UN deals blow to AU’s approach on Western Sahara
Casablanca - The UN Security Council has dealt a heavy blow to African Union recommendations for changes to the mandate of the peacekeeping mission in the disputed North African territory of Western Sahara.
The Security Council unanimously extended the UN Mission for the Referendum in Western Sahara (MINURSO) — a peacekeeping force — in mineral-rich Western Sahara through April 30, 2016.
Morocco annexed the former Spanish colony in 1975, prompting the Polisario Front independence movement to wage a guerrilla war for a separate state. That lasted until 1991 when the United Nations brokered a ceasefire and sent in MINURSO.
Moroccan Ambassador to the United Nations Omar Hilale welcomed Resolution 2218, saying that it “confirms for the ninth consecutive year the pre-eminence of the Moroccan autonomy initiative and Morocco’s credible and serious efforts to settle this regional conflict which has lasted too long”.
Polisario has complained about Western firms prospecting for natural resources based on permits issued by Morocco but Hilale defended the North African country against accusations of exploitation of Western Sahara’s natural resources. The disputed territory is rich in phosphates and potentially offshore oil and natural gas.
“The exploitation is legal,” Hilale said April 28th at a news conference following the adoption of the UN resolution.
“When Morocco recovered its southern provinces, there were only two small villages of Laayoune and Dakhla. There was no electricity, no water, no schools, let alone hospitals and a little population because of its nomadic nature, “he added.
“Today, Sahara is made up of large cities, many ports and industries and Dakhla is an unavoidable international tourist destination,” said Hilale, highlighting Morocco’s multi-billion-dollar investments in the southern provinces during the last 40 years.
UN Secretary-General Ban Ki-moon noted that Western Sahara continued to benefit from considerable public investment.
Hilale dismissed a call by the African Union for MINURSO to monitor human rights in Western Sahara, calling its position “biased”.
Morocco withdrew from the African Union in 1984 when the bloc recognised the Sahrawi Arab Democratic Republic proclaimed by the Polisario Front.
The African Union wanted the resolution to explicitly state that MINURSO’s job is to organise a referendum. However, Rabat rejected calls for MINURSO to conduct human rights monitoring, saying the African Union has no right to interfere in the long-standing issue.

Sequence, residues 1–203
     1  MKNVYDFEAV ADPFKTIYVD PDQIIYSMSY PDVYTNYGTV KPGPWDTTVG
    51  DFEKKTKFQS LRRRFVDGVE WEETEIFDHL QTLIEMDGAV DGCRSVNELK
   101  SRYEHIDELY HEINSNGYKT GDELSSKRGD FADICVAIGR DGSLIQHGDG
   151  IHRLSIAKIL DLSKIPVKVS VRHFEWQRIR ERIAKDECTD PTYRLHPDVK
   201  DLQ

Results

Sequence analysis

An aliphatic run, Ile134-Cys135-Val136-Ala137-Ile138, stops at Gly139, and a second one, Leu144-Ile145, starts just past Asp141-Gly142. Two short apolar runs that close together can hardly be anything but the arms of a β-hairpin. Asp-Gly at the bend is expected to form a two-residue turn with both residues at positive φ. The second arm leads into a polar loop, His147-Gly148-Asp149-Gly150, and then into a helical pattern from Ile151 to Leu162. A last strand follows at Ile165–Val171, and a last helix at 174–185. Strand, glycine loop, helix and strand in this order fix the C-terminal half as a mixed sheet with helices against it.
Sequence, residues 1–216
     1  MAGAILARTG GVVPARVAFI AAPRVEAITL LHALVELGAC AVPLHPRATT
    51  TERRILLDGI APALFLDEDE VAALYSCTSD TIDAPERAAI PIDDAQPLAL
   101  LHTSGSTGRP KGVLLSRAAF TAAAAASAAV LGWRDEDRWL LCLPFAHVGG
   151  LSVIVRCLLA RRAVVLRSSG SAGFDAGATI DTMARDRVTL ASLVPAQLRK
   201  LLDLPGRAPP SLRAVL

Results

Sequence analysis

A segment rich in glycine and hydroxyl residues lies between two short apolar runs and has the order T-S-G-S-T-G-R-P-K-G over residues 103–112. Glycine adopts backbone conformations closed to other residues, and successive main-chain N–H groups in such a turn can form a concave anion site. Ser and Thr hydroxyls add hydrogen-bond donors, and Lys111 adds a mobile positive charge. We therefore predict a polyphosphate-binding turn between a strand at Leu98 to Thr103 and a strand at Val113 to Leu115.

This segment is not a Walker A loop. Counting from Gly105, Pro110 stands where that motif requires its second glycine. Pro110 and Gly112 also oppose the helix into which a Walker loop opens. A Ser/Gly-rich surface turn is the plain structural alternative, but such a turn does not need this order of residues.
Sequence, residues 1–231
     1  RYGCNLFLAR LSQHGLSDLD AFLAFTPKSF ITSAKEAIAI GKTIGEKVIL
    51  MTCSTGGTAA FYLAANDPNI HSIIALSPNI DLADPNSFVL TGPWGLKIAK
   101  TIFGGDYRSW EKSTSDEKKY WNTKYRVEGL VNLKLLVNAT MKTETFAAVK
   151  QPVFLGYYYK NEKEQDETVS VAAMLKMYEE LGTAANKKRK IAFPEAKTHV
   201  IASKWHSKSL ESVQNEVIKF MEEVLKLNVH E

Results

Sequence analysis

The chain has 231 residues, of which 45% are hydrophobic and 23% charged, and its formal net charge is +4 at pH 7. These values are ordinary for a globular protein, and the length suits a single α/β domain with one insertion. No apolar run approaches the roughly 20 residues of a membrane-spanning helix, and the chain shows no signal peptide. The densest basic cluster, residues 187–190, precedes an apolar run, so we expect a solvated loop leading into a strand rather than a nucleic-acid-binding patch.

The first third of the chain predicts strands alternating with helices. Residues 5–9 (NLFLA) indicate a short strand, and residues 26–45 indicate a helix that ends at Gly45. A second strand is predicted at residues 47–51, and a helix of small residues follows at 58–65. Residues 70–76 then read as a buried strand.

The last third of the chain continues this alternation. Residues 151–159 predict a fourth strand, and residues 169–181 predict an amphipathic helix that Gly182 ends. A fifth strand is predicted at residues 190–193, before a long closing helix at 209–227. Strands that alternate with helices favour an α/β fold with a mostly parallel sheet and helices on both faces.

The Moroccan kingdom insists that the disputed territory should have autonomy, not independence, a position rejected by Polisario.
Meanwhile, the Security Council welcomed Morocco’s efforts and achievements in human rights development and renewed its confidence in national institutions, particularly the National Council on Human Rights, known by its French initials CNDH, and its role in the promotion and protection of human rights.
Elhannouchi Abderrazzak, a top CNDH official, told The Arab Weekly that the resolution consolidated the efforts of national human rights organisations in defending Sahrawis’ rights in the region and Morocco’s openness to UN human rights bodies.
A political solution to the longstanding issue is needed more than ever due to the growing threat by extremist groups, such as al-Qaeda in the Islamic Maghreb, in the Sahara and the Sahel regions.
“Forty years after the start of this conflict, it is clear that the status quo is simply not sustainable,” British Deputy Ambassador to the United Nations Peter Wilson told the Security Council.
Wilson repeated Ban’s recent warning that the lack of a political solution on Western Sahara could have regional repercussions amid a growing extremist threat in the region.
“The United Nations is now linking a solution to the Western Sahara issue with the geopolitical landscape in the region which is witnessing a fragile security situation because of a growing terrorist threat, especially in the Sahel,” said Abderrazzak.